Although a 15 game sample size isn’t much, one season isn’t a large sample either. Mike Smith is much more likely perform at a level that is closer to his career average than what he displayed for half of a season in 2014-2015. If the last 15 games are any indication, he still has a lot of hockey left in him – the only difference is now he will have to prove himself again on a Coyotes team that likely became weaker in the offseason. With Sean Burke moving on from the organization, they brought in John Elkin as the on-ice goaltending instructor. Smith should be very comfortable heading into next season, having worked with Elkin before. Hopefully he can build off his late-season success, gold medal with Canada, and familiarity with Elkin to return to his usual form.
Cam Ward – Carolina Hurricanes
Cam Ward is arguably the goaltender on this list with the most to prove next season. Heading into a contract year, Ward will now have to battle with the recently-acquired Eddie Lack for ice time. That’s a substantial upgrade over Anton Khudobin, who he had previously been competing with. The Hurricanes have also been quietly assembling one of the best cores of young prospect goaltenders in preparation of Ward moving on. Alex Nedeljkovic (18), Rasmus Tirronen (37), and Callum Booth (39) were all ranked on InGoal‘s top 50 goaltending prospects list from earlier this month. While most of those prospects are still a few years away from reaching the NHL at the very least, the real competition will come from Lack – a goalie that is also playing for a new contract.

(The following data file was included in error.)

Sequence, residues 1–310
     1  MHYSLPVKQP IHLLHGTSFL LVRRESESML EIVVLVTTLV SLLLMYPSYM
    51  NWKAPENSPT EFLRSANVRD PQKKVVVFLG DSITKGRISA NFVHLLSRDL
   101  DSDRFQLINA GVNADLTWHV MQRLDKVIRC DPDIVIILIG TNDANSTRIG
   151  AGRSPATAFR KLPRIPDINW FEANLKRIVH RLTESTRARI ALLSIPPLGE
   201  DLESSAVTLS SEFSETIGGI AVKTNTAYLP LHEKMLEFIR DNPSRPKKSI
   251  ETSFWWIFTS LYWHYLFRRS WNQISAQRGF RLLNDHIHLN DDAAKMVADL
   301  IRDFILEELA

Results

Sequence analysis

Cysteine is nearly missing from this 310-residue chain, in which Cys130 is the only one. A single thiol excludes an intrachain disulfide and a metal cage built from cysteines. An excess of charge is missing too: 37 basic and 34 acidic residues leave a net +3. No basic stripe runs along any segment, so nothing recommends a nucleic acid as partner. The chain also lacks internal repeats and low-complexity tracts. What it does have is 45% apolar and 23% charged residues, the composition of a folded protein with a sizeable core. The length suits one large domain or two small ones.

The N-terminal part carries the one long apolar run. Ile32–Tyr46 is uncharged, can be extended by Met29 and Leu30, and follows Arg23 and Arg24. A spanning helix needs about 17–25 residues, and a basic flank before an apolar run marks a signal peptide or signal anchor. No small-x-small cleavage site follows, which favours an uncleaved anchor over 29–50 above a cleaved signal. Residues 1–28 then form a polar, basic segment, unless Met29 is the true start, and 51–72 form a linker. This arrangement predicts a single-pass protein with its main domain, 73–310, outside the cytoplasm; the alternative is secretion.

Most goaltenders don’t improve much after turning 30, but there is a case to be made for Ward. Admittedly, he became quite lazy as the incumbent starter with the Hurricanes, and did not adapt his game as time went on. A recently renewed focus on training, both off the ice and on it, should give fans some hope that he could at least resemble a league-average goaltender in the near future. It’s unlikely he will ever return to the glory days of his age 24-27 seasons, but he should be playing some inspired hockey to try and get back to that point.
On the statistical side, 2014-2015 was probably his most successful season since turning 28. Although he achieved better traditional goaltending stats, his advanced stats show that his performance has stagnated over the last four seasons. His high, medium, and low danger save percentages, as well as adjusted save percentage have all stayed within 1 or 2 percentage points of the previous season.